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Publication Briefs

Use of Evidence-Based Care Processes Decreases Mortality among Veterans with Staphylococcus aureus Bacteremia

Staphylococcus aureus bacteremia (SAB) is common and frequently associated with poor outcomes. Largely observational evidence indicates specific care processes are associated with significantly improved outcomes for patients with SAB, including early source control, use of echocardiography to identify endocarditis, appropriate antibiotic prescribing, and consultation with infectious disease (ID) specialists to guide management. Treatment guidelines call for increased use of these evidence-based care processes; however, it is not known if there have been widespread increases in their use, or if evidence-based care processes have led to declines in SAB mortality. This cohort study sought to determine how increasing use of evidence-based care processes may have contributed to improving survival for Veterans with SAB. Using VA data, investigators identified 36,868 Veterans who were admitted to one of 124 VA hospitals with a first episode of SAB from 2003 to 2014. The primary outcome was 30-day all-cause mortality after first positive blood culture for SAB. Investigators also assessed the use of appropriate antibiotic therapy, echocardiography, and ID consultation.


  • Mortality associated with S. aureus bacteremia declined significantly in VA hospitals, and a substantial portion of the declining mortality (57%) was attributable to increased use of evidence-based care processes. Further, mortality declined progressively as the number of care processes a patient received increased.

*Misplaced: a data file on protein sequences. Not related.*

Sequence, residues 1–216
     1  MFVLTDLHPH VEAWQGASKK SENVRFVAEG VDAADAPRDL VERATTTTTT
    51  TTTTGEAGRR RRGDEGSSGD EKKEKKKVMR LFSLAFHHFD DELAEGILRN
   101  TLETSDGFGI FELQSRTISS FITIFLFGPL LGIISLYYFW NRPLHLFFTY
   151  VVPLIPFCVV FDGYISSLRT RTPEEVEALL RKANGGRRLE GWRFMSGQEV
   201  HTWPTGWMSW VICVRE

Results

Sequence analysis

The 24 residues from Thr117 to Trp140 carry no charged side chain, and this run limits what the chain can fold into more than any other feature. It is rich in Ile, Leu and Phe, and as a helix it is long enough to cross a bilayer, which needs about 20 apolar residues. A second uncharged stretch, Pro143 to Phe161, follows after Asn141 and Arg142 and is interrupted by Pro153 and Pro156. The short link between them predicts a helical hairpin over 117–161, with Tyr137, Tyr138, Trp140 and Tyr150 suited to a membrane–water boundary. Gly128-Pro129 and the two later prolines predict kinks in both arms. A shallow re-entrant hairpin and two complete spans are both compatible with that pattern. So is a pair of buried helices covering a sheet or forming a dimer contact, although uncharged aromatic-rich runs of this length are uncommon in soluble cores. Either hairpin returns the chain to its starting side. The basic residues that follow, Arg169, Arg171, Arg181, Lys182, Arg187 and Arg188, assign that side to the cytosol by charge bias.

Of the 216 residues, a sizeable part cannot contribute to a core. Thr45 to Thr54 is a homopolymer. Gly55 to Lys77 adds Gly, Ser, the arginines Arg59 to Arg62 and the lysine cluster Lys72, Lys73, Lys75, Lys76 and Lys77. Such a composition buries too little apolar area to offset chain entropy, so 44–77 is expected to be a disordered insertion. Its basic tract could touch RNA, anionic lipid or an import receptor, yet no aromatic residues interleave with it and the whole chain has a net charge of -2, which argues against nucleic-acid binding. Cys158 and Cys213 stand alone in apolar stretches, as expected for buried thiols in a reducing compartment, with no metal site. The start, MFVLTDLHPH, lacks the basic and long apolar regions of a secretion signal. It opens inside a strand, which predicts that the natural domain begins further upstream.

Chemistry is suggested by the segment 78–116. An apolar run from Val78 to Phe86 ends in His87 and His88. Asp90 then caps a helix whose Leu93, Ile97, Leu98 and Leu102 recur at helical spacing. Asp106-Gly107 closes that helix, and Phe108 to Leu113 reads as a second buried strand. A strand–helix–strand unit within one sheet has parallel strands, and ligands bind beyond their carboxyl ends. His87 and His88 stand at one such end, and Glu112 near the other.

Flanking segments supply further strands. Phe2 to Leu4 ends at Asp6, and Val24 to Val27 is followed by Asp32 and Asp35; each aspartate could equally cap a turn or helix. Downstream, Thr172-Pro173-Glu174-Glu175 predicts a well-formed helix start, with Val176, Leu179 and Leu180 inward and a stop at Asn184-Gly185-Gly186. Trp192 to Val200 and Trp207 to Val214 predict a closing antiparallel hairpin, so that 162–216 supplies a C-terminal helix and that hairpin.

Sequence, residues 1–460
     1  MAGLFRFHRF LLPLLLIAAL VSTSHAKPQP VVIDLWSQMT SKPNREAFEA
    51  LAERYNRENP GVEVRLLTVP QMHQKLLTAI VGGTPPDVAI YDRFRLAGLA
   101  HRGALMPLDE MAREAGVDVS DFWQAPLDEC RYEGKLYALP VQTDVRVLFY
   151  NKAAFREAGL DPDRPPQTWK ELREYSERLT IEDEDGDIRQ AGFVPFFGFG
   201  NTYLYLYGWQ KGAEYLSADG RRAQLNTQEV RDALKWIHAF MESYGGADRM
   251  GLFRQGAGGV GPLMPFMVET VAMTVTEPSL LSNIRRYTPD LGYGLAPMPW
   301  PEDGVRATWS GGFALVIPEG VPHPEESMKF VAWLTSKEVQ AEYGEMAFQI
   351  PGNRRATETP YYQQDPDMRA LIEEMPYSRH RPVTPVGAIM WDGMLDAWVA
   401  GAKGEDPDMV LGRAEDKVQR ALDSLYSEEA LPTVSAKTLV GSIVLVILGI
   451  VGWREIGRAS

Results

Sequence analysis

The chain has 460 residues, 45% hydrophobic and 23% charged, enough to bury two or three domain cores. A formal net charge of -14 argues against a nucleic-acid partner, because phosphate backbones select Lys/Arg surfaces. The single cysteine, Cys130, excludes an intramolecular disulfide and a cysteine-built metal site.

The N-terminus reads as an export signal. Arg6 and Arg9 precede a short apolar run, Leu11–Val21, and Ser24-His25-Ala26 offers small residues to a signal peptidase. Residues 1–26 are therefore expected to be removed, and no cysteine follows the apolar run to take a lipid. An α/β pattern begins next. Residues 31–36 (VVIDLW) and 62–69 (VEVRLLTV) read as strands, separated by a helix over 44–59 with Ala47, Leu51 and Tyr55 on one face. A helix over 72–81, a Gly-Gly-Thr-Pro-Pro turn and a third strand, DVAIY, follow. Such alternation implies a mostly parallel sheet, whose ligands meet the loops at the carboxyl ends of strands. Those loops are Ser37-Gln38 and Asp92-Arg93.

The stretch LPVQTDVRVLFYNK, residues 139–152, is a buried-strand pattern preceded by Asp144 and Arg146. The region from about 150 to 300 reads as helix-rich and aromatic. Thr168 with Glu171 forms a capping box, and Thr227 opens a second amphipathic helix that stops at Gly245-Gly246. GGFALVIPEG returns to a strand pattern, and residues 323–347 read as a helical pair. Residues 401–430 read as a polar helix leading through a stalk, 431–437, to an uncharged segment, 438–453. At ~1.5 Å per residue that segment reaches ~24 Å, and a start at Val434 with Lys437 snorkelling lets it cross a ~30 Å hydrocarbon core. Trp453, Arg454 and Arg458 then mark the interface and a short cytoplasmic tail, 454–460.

• Risk-adjusted mortality decreased from 24% in 2003 to 18% in 2014. Rates of appropriate antibiotic prescribing increased from 66% to 79%, echocardiography from 34% to 73%, and consultation with an infectious disease specialist from 37% to 68%.

The experience in VA demonstrates increasing application of these care processes can meaningfully improve survival for patients with SAB in routine healthcare settings. However, results also indicate there remains room for improvement in SAB outcomes through even greater use of evidence-based care processes. Although the use of evidence-based processes substantially improved over the study period, approximately half (48%) of VA patients did not receive all three processes in 2014.


  • As in any observational study, there is potential for unmeasured confounding. Also, investigators relied on administrative data for diagnoses of comorbidities, which may be inaccurate and allow residual confounding.
  • Investigators did not have detailed clinical data on sources of bacteremia, whether these sources were controlled, or on all sites of infection.

This study was funded by HSR&D. Drs. Goto, Schweizer, Vaughan-Sarrazin, Perencevich, Livorsi, and Ohl are part of HSR&D's Center for Comprehensive Access & Delivery Research and Evaluation (CADRE), Iowa City, IA.

PubMed Logo Goto M, Schweizer M, Vaughan-Sarrazin M, Perencevich E, Livorsi D, Diekema D, Richardson K, Beck B, Alexander B, and Ohl M. Increasing Use of Evidence-Based Care Processes and Declining Mortality for Staphylococcus aureus Bacteremia in Veterans Health Administration Hospitals, 2013-2014. JAMA Internal Medicine. October 1, 2017;177(10):1489-97.

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What are HSR Publication Briefs?

HSR requires notification by HSR-funded investigators about all articles accepted for publication. These journal articles are reviewed by HSR and publication briefs or summaries are written for a select number of articles that are then forwarded to VHA Central Office leadership to keep them informed about important findings or information. Articles to be summarized are selected by HSR based on timeliness of the findings, interest of leadership, or potential impact on the organization. Publication briefs are written for only a small number of HSR published articles. Visit the HSR citations database for a complete listing of HSR articles and presentations.

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